Overtourism: An analysis of its coverage in the media by using framing theory

Connor Clark, Gyan P. Nyaupane

Research output: Contribution to journalArticlepeer-review

2 Scopus citations

Abstract

The purpose of this study is to obtain a deeper understanding of how the media frames the recent overtourism phenomenon and to theorize the impacts of such framing on policy making and mitigation by using framing theory. We conducted a content analysis of 85 media articles to compare the negative impacts of overtourism across destination types. The results revealed media reports of critical environmental impacts at national parks, beach destinations, and archaeological sites; high socioeconomic impacts at archaeological sites, island destinations, and urban destinations; and high infrastructural impacts at national parks, archaeological sites, and island destinations. Differences in the severity of impacts by destination type have implications for destination planning and management frameworks. We also used Entman's classification of frames to analyze the media's portrayal of the phenomenon. Results revealed that the media overemphasizes redefining overtourism and fails to cover a range of possible solutions for properly managing the complex issue, especially by major news sources. These findings suggest that the media continuously redefines overtourism as a new phenomenon and oversimplifies its complexity, which prevents addressing the root cause of the problem and misleads policy implications. Theoretical implications of media framing are discussed, as are remedial strategies for destination management.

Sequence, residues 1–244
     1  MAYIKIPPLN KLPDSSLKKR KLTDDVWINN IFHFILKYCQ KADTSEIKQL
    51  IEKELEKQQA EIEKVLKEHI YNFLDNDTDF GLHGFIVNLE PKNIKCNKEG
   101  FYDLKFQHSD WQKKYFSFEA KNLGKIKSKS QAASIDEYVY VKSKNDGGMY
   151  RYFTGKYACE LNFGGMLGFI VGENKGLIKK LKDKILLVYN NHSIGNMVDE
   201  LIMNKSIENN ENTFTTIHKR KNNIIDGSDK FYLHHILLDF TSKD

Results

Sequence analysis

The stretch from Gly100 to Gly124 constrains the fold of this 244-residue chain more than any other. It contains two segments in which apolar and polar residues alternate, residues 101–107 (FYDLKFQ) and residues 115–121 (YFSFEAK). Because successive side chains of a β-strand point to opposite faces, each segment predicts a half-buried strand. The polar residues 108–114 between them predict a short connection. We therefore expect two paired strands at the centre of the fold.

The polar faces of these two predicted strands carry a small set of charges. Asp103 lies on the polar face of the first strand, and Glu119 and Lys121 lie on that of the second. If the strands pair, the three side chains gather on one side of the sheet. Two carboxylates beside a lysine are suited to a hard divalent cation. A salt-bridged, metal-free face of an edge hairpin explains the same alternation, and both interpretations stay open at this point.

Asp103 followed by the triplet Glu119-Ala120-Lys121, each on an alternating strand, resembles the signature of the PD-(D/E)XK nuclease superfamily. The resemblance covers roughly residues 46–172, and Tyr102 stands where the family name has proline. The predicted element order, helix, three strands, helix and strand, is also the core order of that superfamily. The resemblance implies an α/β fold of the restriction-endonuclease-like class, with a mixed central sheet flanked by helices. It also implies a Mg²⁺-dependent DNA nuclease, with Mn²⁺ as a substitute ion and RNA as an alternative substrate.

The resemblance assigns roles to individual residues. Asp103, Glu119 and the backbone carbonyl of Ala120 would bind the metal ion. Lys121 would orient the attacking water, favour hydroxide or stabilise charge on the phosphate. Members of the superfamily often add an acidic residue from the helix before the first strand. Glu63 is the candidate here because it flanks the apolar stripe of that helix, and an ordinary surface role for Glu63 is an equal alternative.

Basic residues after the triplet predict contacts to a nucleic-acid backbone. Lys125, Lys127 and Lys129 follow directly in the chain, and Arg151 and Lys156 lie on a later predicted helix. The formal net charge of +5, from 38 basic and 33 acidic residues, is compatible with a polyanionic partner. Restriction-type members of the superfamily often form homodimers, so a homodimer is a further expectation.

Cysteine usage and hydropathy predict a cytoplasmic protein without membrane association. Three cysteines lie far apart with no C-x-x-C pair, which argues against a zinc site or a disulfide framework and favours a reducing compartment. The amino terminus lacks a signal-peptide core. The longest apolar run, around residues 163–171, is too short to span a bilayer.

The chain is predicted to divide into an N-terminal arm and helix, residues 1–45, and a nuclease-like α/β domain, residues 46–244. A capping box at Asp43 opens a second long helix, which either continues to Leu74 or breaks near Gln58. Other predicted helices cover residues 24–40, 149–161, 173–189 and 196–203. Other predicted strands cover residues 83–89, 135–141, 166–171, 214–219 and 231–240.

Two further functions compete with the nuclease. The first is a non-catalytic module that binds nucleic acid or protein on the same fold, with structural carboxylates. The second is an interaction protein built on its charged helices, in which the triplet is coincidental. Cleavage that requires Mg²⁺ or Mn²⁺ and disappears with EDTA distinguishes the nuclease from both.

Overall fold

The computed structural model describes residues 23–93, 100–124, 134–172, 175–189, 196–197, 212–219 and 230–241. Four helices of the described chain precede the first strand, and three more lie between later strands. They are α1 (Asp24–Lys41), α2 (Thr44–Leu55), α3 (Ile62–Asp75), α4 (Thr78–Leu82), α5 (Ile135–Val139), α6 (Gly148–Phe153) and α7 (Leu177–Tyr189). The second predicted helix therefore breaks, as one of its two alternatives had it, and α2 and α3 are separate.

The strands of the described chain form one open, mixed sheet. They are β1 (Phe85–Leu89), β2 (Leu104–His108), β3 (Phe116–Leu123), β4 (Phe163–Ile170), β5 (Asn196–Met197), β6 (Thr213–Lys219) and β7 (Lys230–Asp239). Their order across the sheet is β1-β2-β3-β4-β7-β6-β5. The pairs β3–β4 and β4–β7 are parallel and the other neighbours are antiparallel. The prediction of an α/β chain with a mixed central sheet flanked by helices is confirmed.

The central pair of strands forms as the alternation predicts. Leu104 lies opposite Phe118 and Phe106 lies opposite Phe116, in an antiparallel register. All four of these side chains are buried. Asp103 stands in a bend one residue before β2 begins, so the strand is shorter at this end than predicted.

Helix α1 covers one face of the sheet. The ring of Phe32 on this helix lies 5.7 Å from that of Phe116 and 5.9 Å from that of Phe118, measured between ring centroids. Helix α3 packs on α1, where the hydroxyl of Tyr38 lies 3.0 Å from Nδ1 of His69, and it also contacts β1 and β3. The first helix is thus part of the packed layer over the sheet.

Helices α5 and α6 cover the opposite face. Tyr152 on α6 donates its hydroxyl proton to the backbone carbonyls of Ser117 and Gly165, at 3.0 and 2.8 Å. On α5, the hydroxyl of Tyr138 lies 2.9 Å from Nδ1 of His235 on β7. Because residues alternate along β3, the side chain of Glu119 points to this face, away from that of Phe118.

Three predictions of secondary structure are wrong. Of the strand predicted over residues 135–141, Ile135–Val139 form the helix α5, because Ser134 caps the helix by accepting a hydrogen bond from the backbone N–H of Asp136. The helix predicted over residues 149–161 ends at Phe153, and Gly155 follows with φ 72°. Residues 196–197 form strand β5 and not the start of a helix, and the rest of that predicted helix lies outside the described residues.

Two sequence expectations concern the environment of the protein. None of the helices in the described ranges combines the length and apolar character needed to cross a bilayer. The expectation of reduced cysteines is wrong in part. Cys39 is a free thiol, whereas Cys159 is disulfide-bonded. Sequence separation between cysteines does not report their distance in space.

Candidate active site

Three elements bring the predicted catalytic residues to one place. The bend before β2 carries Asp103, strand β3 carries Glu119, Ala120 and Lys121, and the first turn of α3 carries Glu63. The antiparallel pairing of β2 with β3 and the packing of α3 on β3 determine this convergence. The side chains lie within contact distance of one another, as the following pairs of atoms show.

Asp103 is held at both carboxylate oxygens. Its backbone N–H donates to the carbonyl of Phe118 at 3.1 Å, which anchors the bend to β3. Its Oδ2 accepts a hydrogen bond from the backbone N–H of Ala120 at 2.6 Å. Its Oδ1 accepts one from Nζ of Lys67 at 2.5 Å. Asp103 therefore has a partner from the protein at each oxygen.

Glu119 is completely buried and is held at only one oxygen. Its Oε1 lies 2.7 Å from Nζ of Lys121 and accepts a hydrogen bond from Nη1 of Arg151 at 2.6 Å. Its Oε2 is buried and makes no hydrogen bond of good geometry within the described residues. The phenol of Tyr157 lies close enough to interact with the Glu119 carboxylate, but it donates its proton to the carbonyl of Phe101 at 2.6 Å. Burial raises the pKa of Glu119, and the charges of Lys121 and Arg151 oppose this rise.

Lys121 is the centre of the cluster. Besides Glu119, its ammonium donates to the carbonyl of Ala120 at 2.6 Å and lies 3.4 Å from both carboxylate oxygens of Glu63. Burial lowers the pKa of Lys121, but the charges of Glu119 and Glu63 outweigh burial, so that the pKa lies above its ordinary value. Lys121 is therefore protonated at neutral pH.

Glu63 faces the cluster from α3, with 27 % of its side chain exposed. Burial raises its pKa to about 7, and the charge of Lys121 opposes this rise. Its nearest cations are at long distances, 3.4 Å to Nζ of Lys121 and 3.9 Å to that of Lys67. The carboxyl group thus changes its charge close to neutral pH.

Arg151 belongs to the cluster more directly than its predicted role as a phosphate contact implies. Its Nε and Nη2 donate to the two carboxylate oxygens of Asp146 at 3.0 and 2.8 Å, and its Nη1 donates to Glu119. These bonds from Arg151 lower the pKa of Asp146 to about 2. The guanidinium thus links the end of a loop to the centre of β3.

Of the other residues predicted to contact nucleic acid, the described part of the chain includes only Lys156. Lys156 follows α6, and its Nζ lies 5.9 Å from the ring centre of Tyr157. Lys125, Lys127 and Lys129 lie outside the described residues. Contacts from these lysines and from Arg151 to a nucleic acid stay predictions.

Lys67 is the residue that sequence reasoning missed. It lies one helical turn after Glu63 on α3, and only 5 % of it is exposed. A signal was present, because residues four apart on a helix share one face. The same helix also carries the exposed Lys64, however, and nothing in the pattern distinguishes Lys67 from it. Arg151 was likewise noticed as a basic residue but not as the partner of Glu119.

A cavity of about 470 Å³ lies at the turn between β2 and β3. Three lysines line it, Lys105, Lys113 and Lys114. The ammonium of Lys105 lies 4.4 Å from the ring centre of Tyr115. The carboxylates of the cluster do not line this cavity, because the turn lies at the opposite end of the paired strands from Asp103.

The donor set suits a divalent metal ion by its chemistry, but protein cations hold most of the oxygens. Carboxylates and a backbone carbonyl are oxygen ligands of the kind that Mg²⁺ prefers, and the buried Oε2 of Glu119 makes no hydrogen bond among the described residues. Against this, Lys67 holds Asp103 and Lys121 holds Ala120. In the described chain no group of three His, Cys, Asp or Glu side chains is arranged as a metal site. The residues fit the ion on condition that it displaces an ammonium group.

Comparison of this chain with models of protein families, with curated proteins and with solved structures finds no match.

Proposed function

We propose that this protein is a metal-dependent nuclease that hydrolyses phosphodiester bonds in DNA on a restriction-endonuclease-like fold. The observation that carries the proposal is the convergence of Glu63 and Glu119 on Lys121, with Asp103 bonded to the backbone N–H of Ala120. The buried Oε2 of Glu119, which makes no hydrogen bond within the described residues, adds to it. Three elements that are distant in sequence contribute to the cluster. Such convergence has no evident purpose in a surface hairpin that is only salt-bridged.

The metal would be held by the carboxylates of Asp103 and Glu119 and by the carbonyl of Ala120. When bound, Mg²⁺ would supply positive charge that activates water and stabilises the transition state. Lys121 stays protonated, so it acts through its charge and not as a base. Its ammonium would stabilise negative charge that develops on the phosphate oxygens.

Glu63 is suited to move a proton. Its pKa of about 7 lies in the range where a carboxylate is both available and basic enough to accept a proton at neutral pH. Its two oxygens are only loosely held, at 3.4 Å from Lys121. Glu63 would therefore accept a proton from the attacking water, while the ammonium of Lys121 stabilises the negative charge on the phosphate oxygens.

Original languageEnglish (US)
Pages (from-to)75-90
Number of pages16
JournalTourism Review International
Volume24
Issue number2-3
DOIs
StatePublished - 2020
Externally publishedYes

Keywords

  • Content analysis
  • Destination management
  • Framing theory
  • Overtourism
  • Sustainable tourism

ASJC Scopus subject areas

  • Tourism, Leisure and Hospitality Management

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